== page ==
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Tourism must make ‘tremendous cultural change’ to recover responsibly

The UK director of the Spanish National Tourist Office says it is crucial for tourism to return in a more sustainable way, which he believes will involve “tremendous cultural change” for the industry.

Manuel Butler told Abta’s Travel Convention that the UK is the “most advanced” tourism economy and must help destinations recover tourism in the aftermath of Covid in a responsible manner.

He said: “To make a business sustainable we have to understand the benefits for all the stakeholders, not just the shareholders. That means a huge and tremendous cultural change.”

Butler pointed to Spain’s €4.25 billion investment over the next three years in its inbound tourism and said the country is “making tourism part of the political agenda”. The industry represents 12% of Spain’s GDP.

The first goal is recovery after two years of interruption caused by the pandemic, he said. But he stressed it must “no longer be business as usual” and encouraged travel companies to be “open to new ideas”.

He said Spain was looking to “spread the geographical distribution of tourism” to tackle over-tourism in certain destinations – which would involve “working with the UK travel trade” and especially travel agents” to promote Spanish destinations that receive less British tourists.

Butler said Spain was looking to create “circular economies” in tourist destinations, and meet the goals of the 2015 Paris agreement of reducing carbon emissions.

Speaking to UK travel industry leaders, he said: “The UK is the most advanced country in tourism in the world. What happens in the UK will later happen in the rest of the world.”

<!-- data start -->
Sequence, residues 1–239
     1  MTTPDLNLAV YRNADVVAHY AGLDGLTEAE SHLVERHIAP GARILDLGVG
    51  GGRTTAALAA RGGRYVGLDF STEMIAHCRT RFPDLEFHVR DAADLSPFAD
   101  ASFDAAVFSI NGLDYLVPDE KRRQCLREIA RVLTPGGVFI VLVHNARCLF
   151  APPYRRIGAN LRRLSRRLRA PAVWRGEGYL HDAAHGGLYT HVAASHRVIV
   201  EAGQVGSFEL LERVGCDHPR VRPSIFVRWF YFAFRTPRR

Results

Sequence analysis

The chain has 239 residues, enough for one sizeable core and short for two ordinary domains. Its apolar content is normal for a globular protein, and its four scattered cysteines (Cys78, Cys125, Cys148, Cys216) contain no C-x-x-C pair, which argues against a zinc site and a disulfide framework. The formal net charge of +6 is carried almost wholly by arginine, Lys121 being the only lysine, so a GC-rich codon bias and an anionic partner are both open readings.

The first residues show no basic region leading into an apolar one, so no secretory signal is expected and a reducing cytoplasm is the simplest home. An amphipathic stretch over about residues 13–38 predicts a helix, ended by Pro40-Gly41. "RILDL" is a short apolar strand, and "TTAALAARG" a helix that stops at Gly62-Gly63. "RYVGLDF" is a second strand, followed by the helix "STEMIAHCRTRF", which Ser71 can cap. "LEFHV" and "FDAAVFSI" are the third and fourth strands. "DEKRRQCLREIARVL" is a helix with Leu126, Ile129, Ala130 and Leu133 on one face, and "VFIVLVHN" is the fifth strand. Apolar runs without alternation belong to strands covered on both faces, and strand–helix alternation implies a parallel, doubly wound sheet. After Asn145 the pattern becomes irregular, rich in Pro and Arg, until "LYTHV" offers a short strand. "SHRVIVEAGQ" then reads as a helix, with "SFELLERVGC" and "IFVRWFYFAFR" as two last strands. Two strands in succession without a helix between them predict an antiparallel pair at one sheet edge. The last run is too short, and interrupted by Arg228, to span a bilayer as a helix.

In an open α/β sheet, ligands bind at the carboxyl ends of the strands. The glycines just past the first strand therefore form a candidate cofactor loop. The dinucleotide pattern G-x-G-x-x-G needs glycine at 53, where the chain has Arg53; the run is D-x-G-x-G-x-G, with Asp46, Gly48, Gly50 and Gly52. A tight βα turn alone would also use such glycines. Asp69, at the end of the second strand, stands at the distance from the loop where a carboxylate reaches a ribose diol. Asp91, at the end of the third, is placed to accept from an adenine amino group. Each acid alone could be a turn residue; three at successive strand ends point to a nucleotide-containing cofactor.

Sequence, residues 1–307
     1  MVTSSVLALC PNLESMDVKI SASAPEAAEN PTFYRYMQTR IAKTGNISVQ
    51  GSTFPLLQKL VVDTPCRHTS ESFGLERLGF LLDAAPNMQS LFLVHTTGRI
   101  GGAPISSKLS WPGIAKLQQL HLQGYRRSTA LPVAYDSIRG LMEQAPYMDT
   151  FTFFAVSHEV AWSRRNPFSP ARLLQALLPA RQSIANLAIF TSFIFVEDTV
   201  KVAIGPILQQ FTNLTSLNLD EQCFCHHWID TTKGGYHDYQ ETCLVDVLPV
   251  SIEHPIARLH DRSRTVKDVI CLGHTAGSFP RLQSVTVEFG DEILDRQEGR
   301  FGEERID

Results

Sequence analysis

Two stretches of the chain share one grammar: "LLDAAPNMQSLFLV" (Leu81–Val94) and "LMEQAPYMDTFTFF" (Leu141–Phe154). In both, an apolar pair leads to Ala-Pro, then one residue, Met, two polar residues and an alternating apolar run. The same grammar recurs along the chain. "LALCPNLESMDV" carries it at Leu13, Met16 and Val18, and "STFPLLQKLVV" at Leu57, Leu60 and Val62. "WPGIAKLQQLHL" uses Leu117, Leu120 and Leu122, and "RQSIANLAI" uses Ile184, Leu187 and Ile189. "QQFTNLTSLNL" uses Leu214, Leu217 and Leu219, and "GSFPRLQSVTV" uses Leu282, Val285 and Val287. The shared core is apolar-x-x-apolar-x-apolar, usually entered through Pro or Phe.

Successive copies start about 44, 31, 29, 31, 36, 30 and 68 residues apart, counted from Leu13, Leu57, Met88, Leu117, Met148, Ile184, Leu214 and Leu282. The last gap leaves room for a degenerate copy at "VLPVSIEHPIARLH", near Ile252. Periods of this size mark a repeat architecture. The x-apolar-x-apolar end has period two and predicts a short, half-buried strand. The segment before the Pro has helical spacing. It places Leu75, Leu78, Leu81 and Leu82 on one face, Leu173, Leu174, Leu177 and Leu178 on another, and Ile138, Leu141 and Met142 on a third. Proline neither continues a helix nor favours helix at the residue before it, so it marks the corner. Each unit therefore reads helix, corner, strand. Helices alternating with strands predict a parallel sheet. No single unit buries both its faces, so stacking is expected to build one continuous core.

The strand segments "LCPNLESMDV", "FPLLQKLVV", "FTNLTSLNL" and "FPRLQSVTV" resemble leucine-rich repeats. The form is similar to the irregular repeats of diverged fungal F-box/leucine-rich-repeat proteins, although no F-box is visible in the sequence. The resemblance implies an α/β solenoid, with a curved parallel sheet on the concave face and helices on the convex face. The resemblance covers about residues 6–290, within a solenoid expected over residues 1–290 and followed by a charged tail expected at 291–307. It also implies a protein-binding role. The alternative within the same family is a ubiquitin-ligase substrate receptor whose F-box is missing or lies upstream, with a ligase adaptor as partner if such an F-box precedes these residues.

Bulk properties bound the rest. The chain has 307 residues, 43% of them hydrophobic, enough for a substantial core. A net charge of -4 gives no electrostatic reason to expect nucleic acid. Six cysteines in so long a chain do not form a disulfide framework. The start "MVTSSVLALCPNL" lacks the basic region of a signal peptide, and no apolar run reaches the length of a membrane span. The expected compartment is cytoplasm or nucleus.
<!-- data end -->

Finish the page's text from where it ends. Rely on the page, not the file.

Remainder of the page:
He compared the upcoming changes surrounding sustainable and responsible travel to the “transformation” of the industry over the last 20 years in terms of how booking over the internet has “completely changed the landscape”.

Addressing the impact of Covid, Butler said tourism has become “more complex” with entry barriers in place to protect against spread of the virus. But he stressed: “Tourism has to be more responsible, and take on its responsibility to be sustainable.

“Not only do we need to face the changes of climate change but also social sustainability. We need to put people in the centre of our economies.”

His two main lessons from the pandemic were learning how resilient the travel industry was, and the importance of working with partners, such as Abta, he told the Travel Convention.

“Our purpose is for happier tourists coming back to the UK after their holidays in Spain,” he said. “Not just for today but for the many years ahead.”

He added: “We count on all of you, the British tourism industry. You know you are a transformative force.

“We must transform not what we do – there are great global benefits from tourism – but transform how we do these things. I’m excited to be part of this amazing journey.”

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